Conwy confirms four-weekly trial

The council hopes reducing the frequency of residual waste collections will push material into its kerbside sort recycling system.
Conwy Council has confirmed details of its new waste collection service, which will see a four-weekly residual waste collection trialled alongside a wider three-weekly rollout.

The change in system has been made to increase recycling after a year-long review by the council found that over half the items thrown into residual wheelie bins could have been recycled – a waste of £1.6m every year.

Conwy’s Improved Recycling Task & Finish Group met last week (9 May) to finalise plans for changing refuse bin collections in the county borough. The council will begin collecting refuse bins every three weeks at the end of July, while approximately 10,300 households in the Towyn and Kinmel Bay areas will have their bins collected every four weeks to trial a less frequent service.

In February, the cabinet of Conwy County Borough Council (CCBC) voted against a proposal to switch from fortnightly to four-weekly collections, calling it ‘a bridge too far’, and it was instead decided to introduce the three-weekly collection system for residual waste.

The council’s Customers Overview and Scrutiny Committee had estimated that a move to a four-weekly collection system would save the council an estimated £558,000 a year, while reducing residual waste generation by almost 18 per cent. On the other hand, a collection every three weeks is estimated to save £213,000, according to the Recycling Task & Finish Group).

The new bin collections will be phased in over the summer, starting at the end of July. Recycling and food waste will continue to be collected weekly, and additional recycling containers can be requested free of charge. Residents can also register to receive a separate nappy collection if required.

Concerns that new system will lead to increased fly-tipping and vermin

According to a survey carried out by the council late last year, less than half (41.2 per cent) of the 11,212 respondents said they would be able to manage with a wheelie bin collection every three or four weeks. Although with additional services such as separate nappy collections and extra bins for larger families, 55.4 per cent of those surveyed agreed to a less frequent collection system.

Approximately 20 per cent of Conwy’s households completed the Recycle More survey. Those involved were mostly concerned that less frequent refuse collections would attract vermin (53.3 per cent) and flies (55.7 per cent), increase fly-tipping (56.5 per cent), and produce odours (59.7 per cent).

Clwyd West AM Darren Millar, who had previously campaigned against the changes, has also expressed his concerns about the four-weekly trial. He said: “I am very concerned that the trial is commencing over the summer months when our visitor economy may be affected by the changes, and in particular that the Towyn and Kinmel Bay area is to be the pilot for four weekly collections, given the importance of tourism in the locality.”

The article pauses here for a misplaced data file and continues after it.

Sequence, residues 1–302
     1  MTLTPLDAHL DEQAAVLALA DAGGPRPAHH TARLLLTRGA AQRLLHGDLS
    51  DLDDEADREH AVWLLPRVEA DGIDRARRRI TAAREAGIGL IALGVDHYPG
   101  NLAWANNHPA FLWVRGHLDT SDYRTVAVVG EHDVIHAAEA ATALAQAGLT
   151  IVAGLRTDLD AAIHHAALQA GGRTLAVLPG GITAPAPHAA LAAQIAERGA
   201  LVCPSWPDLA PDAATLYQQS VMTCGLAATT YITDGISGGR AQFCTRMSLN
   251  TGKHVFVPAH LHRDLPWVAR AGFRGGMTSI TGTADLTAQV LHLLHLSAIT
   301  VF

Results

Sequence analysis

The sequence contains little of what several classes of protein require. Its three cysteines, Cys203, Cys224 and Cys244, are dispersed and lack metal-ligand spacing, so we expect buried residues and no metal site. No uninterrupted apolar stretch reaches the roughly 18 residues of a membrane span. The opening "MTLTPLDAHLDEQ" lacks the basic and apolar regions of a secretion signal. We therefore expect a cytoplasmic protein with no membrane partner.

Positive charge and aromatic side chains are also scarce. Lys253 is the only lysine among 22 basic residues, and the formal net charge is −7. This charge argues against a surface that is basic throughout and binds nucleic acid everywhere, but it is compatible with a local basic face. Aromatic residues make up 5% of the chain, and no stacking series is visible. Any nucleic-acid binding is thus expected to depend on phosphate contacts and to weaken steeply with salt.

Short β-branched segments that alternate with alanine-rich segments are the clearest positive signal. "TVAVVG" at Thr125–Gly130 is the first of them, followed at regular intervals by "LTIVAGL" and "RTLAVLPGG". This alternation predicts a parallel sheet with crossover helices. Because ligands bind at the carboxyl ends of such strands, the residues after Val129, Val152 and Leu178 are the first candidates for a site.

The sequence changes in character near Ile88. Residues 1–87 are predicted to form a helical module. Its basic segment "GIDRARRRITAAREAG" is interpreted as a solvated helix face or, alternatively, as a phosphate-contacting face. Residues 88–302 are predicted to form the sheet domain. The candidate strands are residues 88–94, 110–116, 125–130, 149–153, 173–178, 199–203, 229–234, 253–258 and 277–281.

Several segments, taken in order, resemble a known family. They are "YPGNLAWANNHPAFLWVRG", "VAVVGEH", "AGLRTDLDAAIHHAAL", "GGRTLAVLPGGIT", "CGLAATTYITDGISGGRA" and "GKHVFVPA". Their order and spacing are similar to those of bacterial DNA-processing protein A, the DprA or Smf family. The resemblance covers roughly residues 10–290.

Recycling targets

Conwy currently has a recycling rate of 59 per cent (2014/15), but the council says it must do more to meet the national statutory target of 70 per cent by 2025. Failure to meet the targets will result in fines of £200 for every tonne they are missed by.

The targets have already been cited as the main reason for the Isle of Anglesey County Council’s decision to move to three-weekly collection. The county will change its system in October after calculating that for every percentage point that the target was missed by it would have to pay £80,000 in fines.

According to the council, the county’s recycling service ‘has reached a plateau in terms of “front-end” recycling at around the 55 per cent mark and even increased promotional initiatives have failed to further increase this recycling output’. If the county’s current rate failed to improve by 2020, the nine per cent shortfall would equate to a fine of around £720,000.

A number of councils have recently trialled three-weekly residual waste collections in an attempt to increase their recycling rates. After two months of a trial scheme in Bury, the council released figures in August 2015 suggesting the kerbside recycling rate had risen by eight per cent. Rochdale Borough Council agreed in July last year to switch permanently to three-weekly collections in a bid to save money and raise its recycling rate of 34.5 per cent. Powys, Blaenau Gwent and Gwynedd have both rolled out three-weekly collection systems in Wales.

In September 2015, the Scottish LA of Fife became the first in Great Britain to trial monthly bin collections across 2,000 homes. A report release in March stated that the trial was ‘doing very well’, with recycling rates increasing.

More information is available at Conwy Council’s website.

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